Biden: Put the Onus on Iraq's Government

Sen. Joe Biden (D-DE) has a plan to reduce the number of American troops by the end of 2007. He says it's time for the Iraqi government to step up and make the political concessions necessary to operate as a true unity government. Melissa Block talks with Biden.

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MICHELE NORRIS, host:

In January, when the new Democratic controlled Congress is sworn in, Senator Joseph Biden will chair the Foreign Relations Committee. He favors a plan to decentralize Iraq, giving Kurds, Shiites and Sunnis their own regions with control over their own security. He's also a strong advocate for withdrawing U.S. troops from Iraq by the end of 2007 and redeploying some 20,000 forces to a nearby country or Kurdistan.

I asked Senator Biden if a political solution would need to come first.

Senator JOSEPH BIDEN (Democrat, Delaware): This time next year, one of two conditions are going to prevail. There is a widened civil war in which Americans are caught in the crossfire and have no ability to effect, which means the American people and others will demand we leave because there's no policy for success to win.

Or we will have begun to withdraw American troops substantially because there is a political settlement. There will not be, at least with the consent of the American people, 140,000 American forces in Iraq this time next year. It will break the military. It will be of no value in preventing a civil war if there's not a political settlement, and if there is political settlement, it'll provide the means by which we can rationally leave and leave a more stable country behind.

NORRIS: Let me pursue your first scenario just a little bit longer. Assuming there is no political solution, there is a widening civil war and U.S. troops are withdrawing, what are we leaving behind then? What was the point?

Senator BIDEN: We're leaving behind chaos. We're leaving behind chaos. And what you'll end up having is you'll have a civil war that will end up being fought out and resolved, and God only knows what the repercussions of it will be. There's all kinds of scenarios you could think through, from a strongman in the military taking control of the civilian government, from the Iranians and the Turks for totally different reasons getting engaged in a wider regional war. So it's all bad. The question is how bad it would be.

NORRIS: If you follow that nightmare scenario that you've laid out, I wonder what you say to the families of the 2,800 plus soldiers who've died in Iraq?

Senator BIDEN: I say I'm not going to let your brother die. I'm not going to let your sister die for the same reason your son died. I say that in fact we could have avoided this had we done what I suggested and other suggested four years, three and a half years ago, saying we should have put in another 100,000 troops.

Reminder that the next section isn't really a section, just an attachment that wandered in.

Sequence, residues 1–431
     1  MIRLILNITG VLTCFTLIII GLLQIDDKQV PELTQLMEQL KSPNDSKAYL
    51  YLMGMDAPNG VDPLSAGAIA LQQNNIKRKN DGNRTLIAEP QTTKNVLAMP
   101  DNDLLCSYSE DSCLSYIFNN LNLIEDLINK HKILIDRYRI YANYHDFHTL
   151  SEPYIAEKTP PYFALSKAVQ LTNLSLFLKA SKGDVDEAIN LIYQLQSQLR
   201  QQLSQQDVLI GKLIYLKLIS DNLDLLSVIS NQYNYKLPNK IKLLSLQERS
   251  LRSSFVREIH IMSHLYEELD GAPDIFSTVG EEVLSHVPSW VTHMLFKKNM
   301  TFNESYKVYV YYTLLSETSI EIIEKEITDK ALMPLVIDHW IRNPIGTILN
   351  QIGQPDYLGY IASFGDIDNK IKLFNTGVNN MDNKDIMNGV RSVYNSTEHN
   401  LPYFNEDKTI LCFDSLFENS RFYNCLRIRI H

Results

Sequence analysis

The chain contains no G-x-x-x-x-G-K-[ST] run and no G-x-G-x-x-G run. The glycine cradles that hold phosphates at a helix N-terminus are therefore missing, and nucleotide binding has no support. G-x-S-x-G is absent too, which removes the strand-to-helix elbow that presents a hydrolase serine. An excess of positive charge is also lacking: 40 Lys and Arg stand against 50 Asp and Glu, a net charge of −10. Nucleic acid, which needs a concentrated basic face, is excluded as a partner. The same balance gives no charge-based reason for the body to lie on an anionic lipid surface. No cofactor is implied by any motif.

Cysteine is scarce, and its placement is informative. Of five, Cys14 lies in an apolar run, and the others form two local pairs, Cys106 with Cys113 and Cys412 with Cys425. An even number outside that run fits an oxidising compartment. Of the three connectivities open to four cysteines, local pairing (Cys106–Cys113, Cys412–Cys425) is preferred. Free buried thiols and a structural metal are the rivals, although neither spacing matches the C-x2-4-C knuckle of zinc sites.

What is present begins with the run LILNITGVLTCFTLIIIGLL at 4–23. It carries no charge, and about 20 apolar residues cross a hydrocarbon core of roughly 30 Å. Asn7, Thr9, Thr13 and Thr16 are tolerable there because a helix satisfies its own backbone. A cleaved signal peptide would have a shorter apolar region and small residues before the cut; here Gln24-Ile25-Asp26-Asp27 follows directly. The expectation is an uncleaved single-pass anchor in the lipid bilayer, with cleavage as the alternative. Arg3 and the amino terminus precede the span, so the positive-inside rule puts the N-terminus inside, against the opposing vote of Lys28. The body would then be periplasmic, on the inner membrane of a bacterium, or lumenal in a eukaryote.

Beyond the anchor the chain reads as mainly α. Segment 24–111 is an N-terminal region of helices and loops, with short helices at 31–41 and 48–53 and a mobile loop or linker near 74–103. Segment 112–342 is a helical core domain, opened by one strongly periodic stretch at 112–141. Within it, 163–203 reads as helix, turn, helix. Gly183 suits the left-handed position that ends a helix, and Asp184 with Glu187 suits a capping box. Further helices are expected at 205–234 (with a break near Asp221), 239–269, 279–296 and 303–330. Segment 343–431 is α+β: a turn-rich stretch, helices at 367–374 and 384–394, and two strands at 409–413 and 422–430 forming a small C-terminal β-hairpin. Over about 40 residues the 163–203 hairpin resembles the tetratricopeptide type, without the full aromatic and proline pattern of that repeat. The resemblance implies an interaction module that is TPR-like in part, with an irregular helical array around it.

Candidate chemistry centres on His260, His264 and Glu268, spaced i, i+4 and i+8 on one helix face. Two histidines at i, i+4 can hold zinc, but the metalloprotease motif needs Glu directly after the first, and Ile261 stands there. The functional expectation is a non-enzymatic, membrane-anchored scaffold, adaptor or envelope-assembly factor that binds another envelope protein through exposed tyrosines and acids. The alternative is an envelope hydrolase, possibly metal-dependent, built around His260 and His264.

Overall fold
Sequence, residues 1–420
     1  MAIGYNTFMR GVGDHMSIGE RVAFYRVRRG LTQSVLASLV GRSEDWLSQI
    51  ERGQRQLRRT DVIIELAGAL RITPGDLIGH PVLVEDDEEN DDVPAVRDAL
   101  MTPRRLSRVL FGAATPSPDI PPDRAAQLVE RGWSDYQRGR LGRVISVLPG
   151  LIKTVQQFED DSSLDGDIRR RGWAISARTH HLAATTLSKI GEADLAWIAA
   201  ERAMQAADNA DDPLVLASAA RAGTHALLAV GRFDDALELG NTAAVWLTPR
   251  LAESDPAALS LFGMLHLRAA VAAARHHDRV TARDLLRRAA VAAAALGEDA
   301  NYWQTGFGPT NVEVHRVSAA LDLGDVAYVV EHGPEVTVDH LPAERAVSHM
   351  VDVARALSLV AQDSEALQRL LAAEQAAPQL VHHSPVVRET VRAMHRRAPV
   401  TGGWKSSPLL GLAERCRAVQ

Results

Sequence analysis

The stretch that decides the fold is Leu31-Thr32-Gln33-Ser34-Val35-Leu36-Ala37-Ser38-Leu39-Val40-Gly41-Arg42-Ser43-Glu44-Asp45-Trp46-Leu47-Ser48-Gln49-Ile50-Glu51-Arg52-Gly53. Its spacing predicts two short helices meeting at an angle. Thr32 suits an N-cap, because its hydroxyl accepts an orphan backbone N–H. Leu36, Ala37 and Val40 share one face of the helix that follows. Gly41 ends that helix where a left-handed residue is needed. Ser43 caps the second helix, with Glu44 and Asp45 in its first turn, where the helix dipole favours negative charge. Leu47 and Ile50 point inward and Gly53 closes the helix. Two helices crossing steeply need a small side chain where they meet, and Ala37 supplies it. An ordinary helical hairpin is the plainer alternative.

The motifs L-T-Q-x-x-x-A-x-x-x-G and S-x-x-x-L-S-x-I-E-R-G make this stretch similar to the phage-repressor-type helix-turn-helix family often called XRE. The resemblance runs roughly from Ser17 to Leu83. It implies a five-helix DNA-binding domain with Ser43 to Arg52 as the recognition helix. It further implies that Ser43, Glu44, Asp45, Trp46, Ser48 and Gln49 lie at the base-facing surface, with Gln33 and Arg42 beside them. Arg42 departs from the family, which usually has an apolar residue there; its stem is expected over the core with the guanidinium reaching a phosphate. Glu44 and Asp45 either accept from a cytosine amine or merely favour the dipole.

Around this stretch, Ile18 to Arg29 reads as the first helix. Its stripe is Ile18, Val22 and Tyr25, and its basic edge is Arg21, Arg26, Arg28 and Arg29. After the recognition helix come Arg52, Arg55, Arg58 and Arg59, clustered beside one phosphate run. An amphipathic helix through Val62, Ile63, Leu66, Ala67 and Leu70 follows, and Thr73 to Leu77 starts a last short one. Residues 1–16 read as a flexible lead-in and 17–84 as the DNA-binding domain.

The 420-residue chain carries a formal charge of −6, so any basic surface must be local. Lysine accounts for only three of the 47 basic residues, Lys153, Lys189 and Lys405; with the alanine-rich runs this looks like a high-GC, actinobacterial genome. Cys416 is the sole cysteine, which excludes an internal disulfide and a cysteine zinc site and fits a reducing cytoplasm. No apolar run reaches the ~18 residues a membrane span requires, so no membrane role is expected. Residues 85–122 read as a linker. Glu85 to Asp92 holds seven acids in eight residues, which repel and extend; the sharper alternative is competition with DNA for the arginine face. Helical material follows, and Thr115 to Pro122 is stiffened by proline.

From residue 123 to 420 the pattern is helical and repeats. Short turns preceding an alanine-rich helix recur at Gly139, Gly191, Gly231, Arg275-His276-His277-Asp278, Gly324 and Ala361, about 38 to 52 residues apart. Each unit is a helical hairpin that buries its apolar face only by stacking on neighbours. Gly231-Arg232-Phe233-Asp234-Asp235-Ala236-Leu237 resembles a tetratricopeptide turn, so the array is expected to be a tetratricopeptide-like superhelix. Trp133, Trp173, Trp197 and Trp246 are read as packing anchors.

NORRIS: But that was then.

Senator BIDEN: That was then. That's my point. It's passed now. Look, there's certain things that we've passed the point of. We've passed the point of being able to give an open-ended commitment to a country that is unwilling to resolve its political dilemma. We've passed the point where we can add a large number of troops. We've passed the point where we can set out only guide points. We need answers on what are we going to do and not some vague agenda.

NORRIS: Senator Biden, there's a lot of anticipation of the upcoming report from the Baker-Hamilton commission, the Iraq Study Group. Do you think too much emphasis is being placed on that report and have we essentially outsourced our foreign policy to that commission?

Senator BIDEN: Well, we sort of have outsourced the foreign policy, but it is positive in the sense that if it is a unifying bipartisan report that actually does something other than punt the ball down the field. There's three things it has to do. One, it has to tackle the issue of American troop redeployments. I don't know what we need other than a giant megaphone painted on the sky that the American public has said enough is enough is enough. Give us a plan and redeploy rationally our troops.

The second thing, it has to propose a clear political roadmap for Iraq. They're not going to be able to do it alone. It's going to require outside pressure and that's one of the reasons why a year and a half ago I called for an international conference to bring the neighbors in to put pressure on their internal constituencies to reach a political settlement.

Thirdly, it has to speak to the engagement of Iraqis' neighbors because the idea that we're going to have any prospect of ultimate success without the neighbors signing on is not realistic. And people say to me well, Joe, you called for this the last couple of years. What makes you think Iran would have any interest? Let me tell you. Because if we leave, guess what happens? You have 17 million Shia Arabs learning how to shoot straight and form an army sitting on a border of a country with 72 million people, 68 million of whom are Persian Indo-European Shia who in fact don't like their government very much.

NORRIS: So you're saying bring Syria, bring Iran to the table.

Senator BIDEN: Absolutely, and Turkey and Egypt and Saudi Arabia. Because they all have internal constituencies and they all have external interests.

NORRIS: Senator Biden, thanks very much.

Senator BIDEN: Thank you very, very much. It's complicated stuff, but in a sense it's pretty simple. You need a political solution.

NORRIS: That's Joseph Biden, Democrat of Delaware. He'll be the next chair of the Senate Foreign Relations Committee.

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